No matter your industry, you likely have been (or will be) involved in the process of improving business operations. It usually involves many steps and impacts many areas of your organization—including leadership, diversity and inclusion, corporate design, and coaching. To ensure all aspects of the enterprise work in harmony to promote efficiency and improve business operations, how you approach planning is critical. Some of the most successful business planning uses the process of organizational development.
What is organizational development, and why does it matter?
Organizational development (OD) is a process that leverages your company’s core goals to ensure that your organization can adapt, innovate, and embrace constant transformation. It uses a phased approach of exploring and assessing problems/opportunities, gathering feedback, developing and implementing a solution, and evaluating the performance of outcomes. Organizational development can be a really helpful business strategy to make your staff and systems more engaged and efficient in the long run. Most importantly, it can help your organization reinforce its purpose: why and how you show up to work each day.
3 factors to help your organizational development
It’s possible that not every stakeholder at your company will know—or fully embrace—organizational development. So as you delve into planning at the organizational level, keep these key factors in mind to help educate and rally your team:
- Recognize that change is inevitable and prepare for its impact.
Any change of a company’s strategies, policies, and plans will bring either positive or negative change within the organization. That's why it’s important to analyze the impact that any of these changes might bring before adopting them. Analyzing helps you understand what to expect, so you can more strategically select the initiatives that favor your enterprise. You can also easily eliminate policies, plans, and strategies that are unnecessary.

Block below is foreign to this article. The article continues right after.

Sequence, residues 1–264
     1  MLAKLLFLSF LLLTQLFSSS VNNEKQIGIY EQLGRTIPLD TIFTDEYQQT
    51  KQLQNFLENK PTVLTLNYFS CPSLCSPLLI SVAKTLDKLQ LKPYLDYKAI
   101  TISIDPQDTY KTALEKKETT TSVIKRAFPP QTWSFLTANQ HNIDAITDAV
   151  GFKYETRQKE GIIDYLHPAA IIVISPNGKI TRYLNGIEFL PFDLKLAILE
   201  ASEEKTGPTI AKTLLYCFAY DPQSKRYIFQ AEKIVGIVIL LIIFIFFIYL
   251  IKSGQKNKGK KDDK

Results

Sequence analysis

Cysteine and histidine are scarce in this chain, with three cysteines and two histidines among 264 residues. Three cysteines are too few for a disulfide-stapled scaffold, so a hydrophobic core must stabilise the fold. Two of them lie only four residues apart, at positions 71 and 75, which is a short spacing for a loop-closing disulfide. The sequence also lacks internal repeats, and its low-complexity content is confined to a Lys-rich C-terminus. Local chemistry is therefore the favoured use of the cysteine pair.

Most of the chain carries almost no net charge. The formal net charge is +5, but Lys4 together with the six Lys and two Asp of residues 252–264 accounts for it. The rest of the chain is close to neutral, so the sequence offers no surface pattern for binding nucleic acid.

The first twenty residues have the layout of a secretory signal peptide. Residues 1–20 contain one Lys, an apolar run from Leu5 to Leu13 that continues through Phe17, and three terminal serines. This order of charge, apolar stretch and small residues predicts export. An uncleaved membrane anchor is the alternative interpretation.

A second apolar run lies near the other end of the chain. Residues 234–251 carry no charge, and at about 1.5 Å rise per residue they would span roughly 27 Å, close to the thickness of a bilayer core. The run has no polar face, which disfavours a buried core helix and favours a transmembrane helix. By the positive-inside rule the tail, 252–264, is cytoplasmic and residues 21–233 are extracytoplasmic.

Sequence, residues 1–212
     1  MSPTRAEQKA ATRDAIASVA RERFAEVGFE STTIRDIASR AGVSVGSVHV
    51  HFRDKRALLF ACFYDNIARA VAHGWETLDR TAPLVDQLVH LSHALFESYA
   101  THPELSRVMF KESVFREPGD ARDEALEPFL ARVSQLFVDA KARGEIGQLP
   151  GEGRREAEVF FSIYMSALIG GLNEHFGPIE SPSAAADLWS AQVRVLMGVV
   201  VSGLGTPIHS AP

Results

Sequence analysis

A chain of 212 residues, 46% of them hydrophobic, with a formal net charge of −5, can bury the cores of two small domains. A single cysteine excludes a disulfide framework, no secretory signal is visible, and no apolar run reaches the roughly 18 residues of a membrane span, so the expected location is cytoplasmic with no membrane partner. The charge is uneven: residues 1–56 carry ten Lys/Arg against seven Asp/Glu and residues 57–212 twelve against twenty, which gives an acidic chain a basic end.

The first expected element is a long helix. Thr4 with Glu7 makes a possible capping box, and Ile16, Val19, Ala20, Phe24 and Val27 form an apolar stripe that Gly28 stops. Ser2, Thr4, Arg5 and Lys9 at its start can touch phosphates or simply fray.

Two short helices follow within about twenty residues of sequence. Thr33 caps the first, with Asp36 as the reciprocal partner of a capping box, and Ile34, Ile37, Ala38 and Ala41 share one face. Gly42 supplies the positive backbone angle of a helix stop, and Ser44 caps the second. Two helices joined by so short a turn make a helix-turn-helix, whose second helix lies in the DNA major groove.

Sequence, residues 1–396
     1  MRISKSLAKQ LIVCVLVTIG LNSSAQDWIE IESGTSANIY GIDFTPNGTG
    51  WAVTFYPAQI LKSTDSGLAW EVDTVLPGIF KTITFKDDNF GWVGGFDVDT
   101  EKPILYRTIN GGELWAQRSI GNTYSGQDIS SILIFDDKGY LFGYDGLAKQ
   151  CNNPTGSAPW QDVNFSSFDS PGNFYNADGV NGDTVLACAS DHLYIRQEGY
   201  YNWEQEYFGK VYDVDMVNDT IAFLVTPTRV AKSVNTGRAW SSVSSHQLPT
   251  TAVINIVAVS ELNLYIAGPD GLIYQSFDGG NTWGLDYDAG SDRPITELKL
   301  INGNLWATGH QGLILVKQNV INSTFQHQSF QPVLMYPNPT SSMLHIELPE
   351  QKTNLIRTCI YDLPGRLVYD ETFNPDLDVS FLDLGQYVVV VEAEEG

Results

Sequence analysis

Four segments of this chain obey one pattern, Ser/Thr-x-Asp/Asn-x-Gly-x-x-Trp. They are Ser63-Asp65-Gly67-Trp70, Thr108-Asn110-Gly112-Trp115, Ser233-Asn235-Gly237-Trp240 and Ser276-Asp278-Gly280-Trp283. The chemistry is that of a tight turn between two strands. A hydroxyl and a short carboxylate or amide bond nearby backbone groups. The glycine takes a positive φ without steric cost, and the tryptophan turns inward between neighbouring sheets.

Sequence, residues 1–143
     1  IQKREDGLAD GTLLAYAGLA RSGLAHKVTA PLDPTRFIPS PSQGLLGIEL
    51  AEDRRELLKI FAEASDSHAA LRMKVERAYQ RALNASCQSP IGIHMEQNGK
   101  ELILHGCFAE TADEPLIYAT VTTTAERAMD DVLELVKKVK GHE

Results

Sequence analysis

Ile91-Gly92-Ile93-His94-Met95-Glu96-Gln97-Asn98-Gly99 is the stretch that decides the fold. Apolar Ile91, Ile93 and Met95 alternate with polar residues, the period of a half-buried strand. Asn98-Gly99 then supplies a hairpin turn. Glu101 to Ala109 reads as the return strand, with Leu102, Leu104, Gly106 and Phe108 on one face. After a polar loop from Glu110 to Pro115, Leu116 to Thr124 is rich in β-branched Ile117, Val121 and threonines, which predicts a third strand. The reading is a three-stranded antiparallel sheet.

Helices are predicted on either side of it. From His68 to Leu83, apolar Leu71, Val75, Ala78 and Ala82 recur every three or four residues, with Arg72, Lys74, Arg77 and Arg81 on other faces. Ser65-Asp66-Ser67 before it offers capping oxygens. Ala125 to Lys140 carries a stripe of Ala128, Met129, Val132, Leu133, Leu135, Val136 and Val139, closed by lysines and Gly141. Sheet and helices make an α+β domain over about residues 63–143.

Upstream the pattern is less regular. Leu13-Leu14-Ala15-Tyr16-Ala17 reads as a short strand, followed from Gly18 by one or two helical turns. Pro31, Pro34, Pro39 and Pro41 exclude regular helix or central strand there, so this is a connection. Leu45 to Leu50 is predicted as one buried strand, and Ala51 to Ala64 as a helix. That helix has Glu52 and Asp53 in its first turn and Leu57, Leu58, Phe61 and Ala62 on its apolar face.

- Maintain a flow of open communication.
Many organizations face the challenge of having their communication consist only of giving details and feedback, leaving employees feeling like they can’t speak up when larger changes happen that could affect company culture. Our research shows that this traditional approach is pretty ineffective and can hinder OD initiatives. Start your OD process by restructuring current communication strategies to better empower staff members. Doing so can encourage them to be more vocal and promote the plans you're putting together.
- Always address concerns and fears.
Most plans to improve business operations will affect employees directly. Before making any changes in existing policies, strategies, and programs, it’s extremely important to engage your workforce. Taking time to actively listen to employee questions and concerns can help you better understand how your staff feels these impending changes will impact their day-to-day work. You also get insight into what they are ready to embrace. And eventually, you'll have a better understanding which changes you need to apply at present, and which ones you can ignore for now.
The key takeaway
Factoring in the ethics and compliance considerations of your organizational development process can make these three factors run much more smoothly for all stakeholders involved. Our 2021 Ethics & Compliance Program Effectiveness Report found that 71% of professionals reported that senior leaders integrated ethics and compliance considerations into their decision-making this past year. Get in touch with us to learn more about how to implement OD initiatives that reinvigorate your organizational purpose.
About the Author
Carolyn Grace is a content writer on LRN's global marketing team. Her work involves turning complex ideas into compelling stories that resonate across business segments, industries, and personas while hitting critical KPIs for traffic, conversions, and customer retention.More Content by Carolyn Grace